In her prologue to The Human Condition, written at the dawn of the space age, Hannah Arendt wrote:
The earth is the very quintessence of the human condition, and earthly nature, for all we know, may be unique in the universe in providing human beings with a habitant in which they can move and breathe without effort and without artifice. The human artifice of the world separates human existence from all mere animal environment, but life itself is outside this artificial world, and through life man remains related to all other living organisms. For some time now, a great many scientific endeavors have been directed toward making life also “artificial,” toward cutting the last tie through which even man belongs among the children of nature. It is the same desire to escape from imprisonment to the earth that is manifest in the attempt to create life in the test tube … and the wish to escape the human condition, I suspect, also underlies he hope to extend man’s life-span far beyond the hundred-year limit.
This future man, whom the scientists tell us they will produce in no more than a hundred years, seems to be possessed by a rebellion against human existence as it has been given, a free gift from nowhere (secularly speaking), which he wishes to exchange, as it were, for something he has made himself. There is no reason to doubt our abilities to accomplish such an exchange, just as there is no reason to doubt our present ability to destroy all organic life on earth. The question is only whether we wish to use our new scientific and technical knowledge in this direction, and this question cannot be decided by scientific means; it is a political question of the first order and therefore can hardly be left to the decision of professional scientists or professional politicians.
I was thinking of this when I read about the latest attempt to abolish the leap second in the New York Times. When the second was first defined, it was defined with reference to the day. The day was divided into twenty-four hours, the hour into sixty minutes, and the minute into sixty second. Thus a second was 1/86,400th of a day. For a long time our clocks were not as good at keeping accurate time as the earth itself, which rotates on its axis, well, once per day. But as early clocks were replaced by better and better technology, we eventually learned to keep time with extreme precision. Greater precision than the earth, because the length of the day changes by a very small amount as the earth’s rotation slows down or speeds up.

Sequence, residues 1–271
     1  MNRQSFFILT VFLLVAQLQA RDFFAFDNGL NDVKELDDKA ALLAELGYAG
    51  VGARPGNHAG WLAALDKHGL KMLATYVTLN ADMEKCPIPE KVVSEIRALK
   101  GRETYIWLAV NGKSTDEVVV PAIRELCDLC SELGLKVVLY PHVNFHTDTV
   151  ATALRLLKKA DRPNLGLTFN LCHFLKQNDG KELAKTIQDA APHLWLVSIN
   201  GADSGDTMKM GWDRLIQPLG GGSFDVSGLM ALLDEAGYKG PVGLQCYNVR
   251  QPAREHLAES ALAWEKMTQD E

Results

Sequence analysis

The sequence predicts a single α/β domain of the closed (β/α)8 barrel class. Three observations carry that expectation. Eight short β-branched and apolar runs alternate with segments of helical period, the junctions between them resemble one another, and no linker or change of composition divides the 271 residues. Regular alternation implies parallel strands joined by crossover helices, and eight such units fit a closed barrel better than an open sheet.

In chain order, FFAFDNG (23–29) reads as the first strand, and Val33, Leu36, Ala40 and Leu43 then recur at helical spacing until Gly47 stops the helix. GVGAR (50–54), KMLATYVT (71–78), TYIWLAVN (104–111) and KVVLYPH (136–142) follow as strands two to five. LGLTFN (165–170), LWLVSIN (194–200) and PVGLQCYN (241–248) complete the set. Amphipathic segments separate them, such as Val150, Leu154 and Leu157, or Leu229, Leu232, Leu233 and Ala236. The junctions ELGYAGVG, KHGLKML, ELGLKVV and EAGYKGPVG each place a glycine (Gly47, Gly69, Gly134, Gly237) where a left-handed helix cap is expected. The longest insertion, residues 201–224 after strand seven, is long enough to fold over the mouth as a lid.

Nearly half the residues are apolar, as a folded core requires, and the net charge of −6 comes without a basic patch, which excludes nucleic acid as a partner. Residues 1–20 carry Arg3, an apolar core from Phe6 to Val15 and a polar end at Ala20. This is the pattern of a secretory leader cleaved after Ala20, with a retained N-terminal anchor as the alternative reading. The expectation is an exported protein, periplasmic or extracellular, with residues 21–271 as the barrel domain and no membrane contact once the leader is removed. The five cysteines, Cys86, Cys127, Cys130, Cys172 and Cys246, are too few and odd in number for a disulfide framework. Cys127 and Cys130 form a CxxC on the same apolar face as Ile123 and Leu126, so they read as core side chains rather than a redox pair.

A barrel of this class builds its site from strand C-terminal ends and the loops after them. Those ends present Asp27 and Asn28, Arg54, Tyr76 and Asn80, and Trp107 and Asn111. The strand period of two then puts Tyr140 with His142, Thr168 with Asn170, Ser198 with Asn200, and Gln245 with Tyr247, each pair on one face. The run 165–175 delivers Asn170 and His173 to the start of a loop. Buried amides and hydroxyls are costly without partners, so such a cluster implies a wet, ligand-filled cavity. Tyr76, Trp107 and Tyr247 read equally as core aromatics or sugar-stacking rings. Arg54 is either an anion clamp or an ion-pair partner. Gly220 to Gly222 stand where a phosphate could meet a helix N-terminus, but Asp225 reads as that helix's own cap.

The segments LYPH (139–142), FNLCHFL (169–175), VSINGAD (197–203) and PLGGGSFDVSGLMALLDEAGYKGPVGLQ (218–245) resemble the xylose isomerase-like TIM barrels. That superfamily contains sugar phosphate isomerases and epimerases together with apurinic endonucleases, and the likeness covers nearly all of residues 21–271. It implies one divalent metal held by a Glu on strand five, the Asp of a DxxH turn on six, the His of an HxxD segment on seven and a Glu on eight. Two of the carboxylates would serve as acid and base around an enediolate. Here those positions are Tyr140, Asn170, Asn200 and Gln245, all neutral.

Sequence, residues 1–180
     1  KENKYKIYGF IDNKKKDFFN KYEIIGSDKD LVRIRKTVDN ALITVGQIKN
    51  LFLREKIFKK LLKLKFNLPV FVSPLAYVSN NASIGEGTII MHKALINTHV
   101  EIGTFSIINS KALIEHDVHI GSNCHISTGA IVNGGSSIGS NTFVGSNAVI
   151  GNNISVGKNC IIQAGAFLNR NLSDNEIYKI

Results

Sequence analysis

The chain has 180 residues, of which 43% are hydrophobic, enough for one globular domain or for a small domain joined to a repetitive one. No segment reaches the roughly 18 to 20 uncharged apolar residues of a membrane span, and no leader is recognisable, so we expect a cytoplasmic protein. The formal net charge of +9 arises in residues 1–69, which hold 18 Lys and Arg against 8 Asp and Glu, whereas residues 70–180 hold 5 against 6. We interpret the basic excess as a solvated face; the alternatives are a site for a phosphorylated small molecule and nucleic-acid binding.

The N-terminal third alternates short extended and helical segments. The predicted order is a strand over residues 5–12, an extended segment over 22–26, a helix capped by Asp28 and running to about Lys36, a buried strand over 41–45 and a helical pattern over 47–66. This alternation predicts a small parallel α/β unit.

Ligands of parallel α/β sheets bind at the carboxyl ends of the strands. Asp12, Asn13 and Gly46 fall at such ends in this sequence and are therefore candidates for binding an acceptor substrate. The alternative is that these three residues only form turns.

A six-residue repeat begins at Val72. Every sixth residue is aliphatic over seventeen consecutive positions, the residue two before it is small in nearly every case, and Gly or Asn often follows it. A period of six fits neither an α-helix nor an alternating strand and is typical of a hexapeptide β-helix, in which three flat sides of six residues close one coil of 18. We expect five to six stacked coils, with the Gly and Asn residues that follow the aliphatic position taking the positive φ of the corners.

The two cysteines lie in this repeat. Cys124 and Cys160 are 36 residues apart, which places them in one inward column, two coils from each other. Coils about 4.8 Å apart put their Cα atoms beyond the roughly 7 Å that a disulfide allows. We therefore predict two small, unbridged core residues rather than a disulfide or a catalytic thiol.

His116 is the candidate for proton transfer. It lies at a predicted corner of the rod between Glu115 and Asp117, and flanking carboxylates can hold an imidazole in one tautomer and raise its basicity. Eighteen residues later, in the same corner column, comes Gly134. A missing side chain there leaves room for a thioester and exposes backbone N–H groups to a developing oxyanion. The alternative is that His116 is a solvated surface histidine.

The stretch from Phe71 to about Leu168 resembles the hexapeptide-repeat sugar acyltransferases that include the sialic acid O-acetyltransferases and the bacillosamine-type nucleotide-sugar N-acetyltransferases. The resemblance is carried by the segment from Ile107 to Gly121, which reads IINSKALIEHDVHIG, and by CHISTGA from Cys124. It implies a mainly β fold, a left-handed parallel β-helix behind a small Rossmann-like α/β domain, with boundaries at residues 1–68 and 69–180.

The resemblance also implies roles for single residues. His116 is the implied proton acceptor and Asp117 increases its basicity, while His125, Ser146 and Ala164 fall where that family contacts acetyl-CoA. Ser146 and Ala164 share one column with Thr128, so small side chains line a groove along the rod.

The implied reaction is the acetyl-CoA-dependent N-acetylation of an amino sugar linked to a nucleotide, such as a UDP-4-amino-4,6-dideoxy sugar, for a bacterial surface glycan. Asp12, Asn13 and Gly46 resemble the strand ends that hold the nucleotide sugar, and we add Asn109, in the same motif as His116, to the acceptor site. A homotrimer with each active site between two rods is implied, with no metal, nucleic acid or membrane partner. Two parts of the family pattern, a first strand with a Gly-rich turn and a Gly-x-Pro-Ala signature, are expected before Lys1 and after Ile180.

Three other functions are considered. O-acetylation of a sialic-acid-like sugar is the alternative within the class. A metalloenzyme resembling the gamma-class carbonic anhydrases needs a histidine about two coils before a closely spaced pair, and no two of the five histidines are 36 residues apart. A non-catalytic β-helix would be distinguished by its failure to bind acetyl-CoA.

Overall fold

In order to keep the ticking of the clock in sync with the rising and setting of the sun, we add (or in principle, subtract) a second every few years. Coordinated Universal Time, or UTC, the basis for civil time, is defined as International Atomic Time (TAI), offset by the number of leap seconds added to the clock since the inception of the system. But adding leap seconds turns out to cause all kinds of problems for networked computers. The professionals haven’t found a perfect solution. Hence their proposal. They want simply to abolish the leap second. That is, they want to let UTC drift over time from the day measured by the rising and setting of the sun, in order to make life easier for network engineers.
You might ask, reflecting what Arendt had to say about hubris and nemesis, who dares to cut yet another link between us and the earth. But if you did ask that, as I did back in 2015 when I last wrote about leap second, actual experts in the science of time might tell you, as they told me offline, that I didn’t know what I was talking about and to stay in my lane. Maybe they were right! But what take away from the Times argument is that the real problem isn’t technical, but political and bureaucratic. Whose lane are we in? It seems that we could just synchronize networked computers to the time signals emitted by GPS satellites, which don’t use leap seconds and which, at least according to the article, would provide a good technical solution to the problem. But the scientists in charge of the measurement of time regard GPS as an unacceptable solution, because it takes the measurement of time out of the treaty-based bureaucracy that they run. To me, it seems crazy to divorce time from the rhythms of the earth not to solve a technical problem, but to protect some bureaucratic turf.
A last word on Arendt. When we think about a future for humankind on other planets today, our mental picture is probably sunnier than it was in Arendt’s day. We have discovered lots of extrasolar planets, and we suspect that even other places in our own solar system may not always have been as hostile to life as they are today. Who knows, maybe one day our engineering will let us make other planets habitable. Anyway, there are few sights that are more stirring, or a greater sort of national pride and pride in humankind, than the launch of a really big rocket, like yesterday’s Artemis I launch, the first step on NASA’s mission to have long-term human habitation on the Moon and, eventually, Mars.
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